If passed, PSI 2020 would authorize the state to regulate a formal licensing program that, after a two-year development period, would allow people to access psilocybin-assisted psychotherapy. Already, the campaign has secured leaders in the psychedelic field like Françoise Bourzat, author of Consciousness Medicine who bridges shamanic wisdom with western medicine, to join PSI 2020’s chief petitioner Tom Eckert in co-chairing the Training Program Advisory Board. As for sale and production of psilocybin medicine, license holders would only be able to have a single grow site and five retail centers—with a ban on branding and marketing—in order to counter Big Weed-style “corporate takeover.”

“The therapeutic model is the most comfortable for a lot of people and also really effective…But at the same time, we don’t want to see people not able to access medicine outside that therapeutic context.”

“The power of PSI 2020 is that it takes the spirit of rigor from the FDA clinical trials and applies it to a therapeutic setting which will broaden its treatment impact,” Bronner says in an op-ed originally published in the MAPS (Multidisciplinary Association for Psychedelic Studies) Spring Bulletin (Bronner also occupies a board seat with MAPS). “But the FDA approval route, while resulting in the kind of medical access point we need, will not afford health insurance-covered access to anyone without a narrow qualifying diagnosis…[whereas] PSI 2020 would allow affordable access to anyone who might safely benefit and is not contraindicated (e.g. schizophrenic).” Moreover, he adds, PSI 2020 is complementary to both the Decriminalize Nature approach and DATRA.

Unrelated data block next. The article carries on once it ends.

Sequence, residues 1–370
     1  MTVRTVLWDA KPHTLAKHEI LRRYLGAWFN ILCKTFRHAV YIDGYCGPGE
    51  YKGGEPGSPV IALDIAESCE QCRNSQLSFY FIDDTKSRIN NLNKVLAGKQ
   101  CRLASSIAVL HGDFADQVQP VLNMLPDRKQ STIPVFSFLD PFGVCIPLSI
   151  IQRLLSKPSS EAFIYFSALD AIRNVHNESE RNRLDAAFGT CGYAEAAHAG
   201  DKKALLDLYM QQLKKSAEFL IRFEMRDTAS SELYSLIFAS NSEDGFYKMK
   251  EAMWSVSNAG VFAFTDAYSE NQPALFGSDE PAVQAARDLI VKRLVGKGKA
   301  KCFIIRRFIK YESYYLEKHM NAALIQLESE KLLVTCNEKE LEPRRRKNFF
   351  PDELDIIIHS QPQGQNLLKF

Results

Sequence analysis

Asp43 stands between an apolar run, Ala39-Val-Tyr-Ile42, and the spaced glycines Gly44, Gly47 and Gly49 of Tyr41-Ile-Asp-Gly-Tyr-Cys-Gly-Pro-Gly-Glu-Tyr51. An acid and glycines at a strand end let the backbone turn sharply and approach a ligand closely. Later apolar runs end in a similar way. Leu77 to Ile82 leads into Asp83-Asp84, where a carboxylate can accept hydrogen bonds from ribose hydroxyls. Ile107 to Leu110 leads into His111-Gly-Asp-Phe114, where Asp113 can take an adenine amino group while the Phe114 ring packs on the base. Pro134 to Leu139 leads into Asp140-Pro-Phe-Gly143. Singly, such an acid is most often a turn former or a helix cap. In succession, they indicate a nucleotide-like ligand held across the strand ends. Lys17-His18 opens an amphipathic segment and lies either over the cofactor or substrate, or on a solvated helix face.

Last summer, PSI 2020 had received some criticism, specifically from psychedelic decriminalization activists, such as Bryan Kim, director of public outreach for Decriminalize Nature Portland, for removing language from the proposed legislation that would have decriminalized psilocybin alongside legalizing it in therapeutic contexts. The stated reason for this removal of the decriminalization language was so that PSI 2020 would make way for and “complement,” rather than compete with, DATRA. “The two measures work in parallel and don’t conflict,” says Tom Eckert. “All these efforts are compatible,” adds chief petitioner Sheri Eckert. “They all promote a public health approach in relation to drug policy, rather than an outdated criminal model.” 

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DATRA, too, however, has been critiqued for only decriminalizing psilocybin up to 12 grams—enough for personal possession, but not enough if you’re a larger-scale cultivator or provider to anyone outside the would-be therapeutic PSI 2020 program. “DATRA is very much an incremental step in the right direction,” says chief petitioner Anthony Johnson, a former criminal defense attorney. “We take what is currently a misdemeanor offense and turn those drug offenses into civil infractions.” While that may not go as far as what many drug policy reform advocates want, it’s something that voters support, says Johnson, noting that as with the progression of Oregon’s cannabis policy over time, there’s room to expand upon and further reform the law once the initial legislation passes.